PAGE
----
There is a scene in The Imitation Game where a young Alan Turing is introduced to a book of codes and cyphers by his classmate and friend Christopher. The significance of this moment is obvious (Look, it’s the exact moment Alan Turing became the Alan Turing we all know!!!). But Graham Moore’s script plays this moment as a different kind of discovery. There’s no glint in Alan’s eye as he catches a glimpse of a future in which he fathers computer science while cracking the Nazi’s Enigma code, wins the war, and is later played beautifully by Benedict Cumberbatch. Instead, Alan recognizes a comparison between cyphers and the way people talk. Turing, who is thought to have had Aspergers Syndrome, cannot process metaphors and irony because of his extreme literalism. The concept of coded communication gives him a better understanding of how people don’t say what they mean and don’t mean what they say. This, not his mathematical genius, is his gateway into code-breaking, and it’s one of many beautiful nuances in the film.
Unfortunately, the rest of The Imitation Game, like Turing, is overly formulaic. The film adapts Andrew Hodges’ biography, Alan Turing: The Enigma, about the mathematical savant who was the biggest contributor to deciphering Nazi communications with his cryptanalytic machine. This true story could have been an otherwise simple and inspiring tale about an extraordinary Brit, alongside the likes of The Theory of Everything and The King’s Speech, if it weren’t for one major tarnish. In 1952, Turing was convicted of indecency (read: homosexual acts) and made to take hormone treatments in place of a prison sentence. He killed himself two years later. This understandably requires a different kind of film.
Queen Elizabeth II’s royal pardon of Turing in 2013 makes Turing’s story all the more poignant and necessary. However, director Morten Tyldum aims so earnestly to inspire and uplift that at times he fails to honestly deliver what makes this story so damn tragic. Take the scene in which Turing tries to propose marriage to his partner in math Joan Clarke (Keira Knightley). He’s bumbling and awkward and charming, while she’s adorably oblivious. But this moment dishonors the subtext–that Turing needs a beard to hide his homosexuality and she needs a male to ward off her suspicious parents. They’re two fascinating societal outcasts who’ve been reduced to Harry and Sally.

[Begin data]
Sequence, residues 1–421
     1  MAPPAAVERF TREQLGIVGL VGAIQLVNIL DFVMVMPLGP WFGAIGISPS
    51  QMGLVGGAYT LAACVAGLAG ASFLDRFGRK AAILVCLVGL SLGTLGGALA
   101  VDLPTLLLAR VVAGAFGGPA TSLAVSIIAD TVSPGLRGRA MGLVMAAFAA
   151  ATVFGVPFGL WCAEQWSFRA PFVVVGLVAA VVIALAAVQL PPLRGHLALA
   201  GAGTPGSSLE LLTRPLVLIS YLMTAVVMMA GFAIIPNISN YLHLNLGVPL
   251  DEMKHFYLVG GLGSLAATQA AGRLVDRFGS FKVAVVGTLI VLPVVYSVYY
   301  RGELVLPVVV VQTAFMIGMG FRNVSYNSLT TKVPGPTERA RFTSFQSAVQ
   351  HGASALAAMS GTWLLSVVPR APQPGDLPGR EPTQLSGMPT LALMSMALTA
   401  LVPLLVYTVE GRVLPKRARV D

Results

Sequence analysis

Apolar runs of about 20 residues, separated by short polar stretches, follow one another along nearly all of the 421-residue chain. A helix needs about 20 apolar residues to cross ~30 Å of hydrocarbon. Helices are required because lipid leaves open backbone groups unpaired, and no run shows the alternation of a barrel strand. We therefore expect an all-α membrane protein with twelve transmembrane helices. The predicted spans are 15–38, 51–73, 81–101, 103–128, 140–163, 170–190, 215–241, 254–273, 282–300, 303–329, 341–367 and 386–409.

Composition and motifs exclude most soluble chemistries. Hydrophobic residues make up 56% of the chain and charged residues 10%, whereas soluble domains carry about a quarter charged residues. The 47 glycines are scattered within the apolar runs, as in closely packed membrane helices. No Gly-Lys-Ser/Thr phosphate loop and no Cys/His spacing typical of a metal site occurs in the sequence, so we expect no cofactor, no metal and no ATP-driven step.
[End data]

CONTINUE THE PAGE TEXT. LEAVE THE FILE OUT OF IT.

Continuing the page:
Then there’s the Spartacus scene. After days without any results from Turing’s mysterious and expensive machine, Commander Denniston (Charles Dance) storms the lab with a cadre of soldiers to shut down the computer. Just as they’re about to carry Turing away, his fellow code-breakers arrive in the nick of time to stand up for him. If Denniston fires Turing, they proclaim, one after another, then he’ll just have to fire them too. It’s a scene that begs for a standing ovation, but we can’t help but imagine the actors are reading from cue cards.
Nonetheless, beneath this sentimental facade, there are really inspired aspects that could have set this film far above other biopics. Turing’s autistic qualities (the literalism, antisocial behavior, introverted posture) paint him as a quirky, mechanistic black box that, like his computer, seems to be hiding so much more underneath its cold exterior. Meanwhile, the flashbacks of his youth at boarding school reveal instances where, despite incessant bullying for being “different,” Turing is made to feel human for the first time (and maybe the last) by his friend Christopher. The sexual undercurrent between them, though never heavy handed, highlights the older Turing’s loneliness once we realize Christopher was never here to stay.
Much of the dialogue is snappy and hilarious, arming the actors with a fully British arsenal of understatement and sarcasm. The cast does a fine job of maintaining stiff upper lips, even in the most emotional scenes. Charles Dance can make it snow with his icy stare and Matthew Goode can turn any math equation into a charming come-on. They’re characters who can never be too dry and stuffy because it’s wartime England, after all, and that’s just how one keeps calm and carries on, etc.
The movie’s secret weapon is easily Benedict Cumberbatch. You’d think Commanding-Presence-Khan-berbatch would have brought a quicker end to the war, but Shrinking-Violet-RainMan-berbatch is a pleasant surprise. He really sells the social awkwardness punctuated with mathematical self-confidence, and not in a cocky Sherlock way either. This alone proves that he’ll be a character actor to look out for in his career, but it’s the atomic bomb of a scene at the end, in which he confesses to Joan that he’s been chemically castrated by the state, that also cements him as a leading man. He makes a film about Turing worth seeing, no matter what the formula.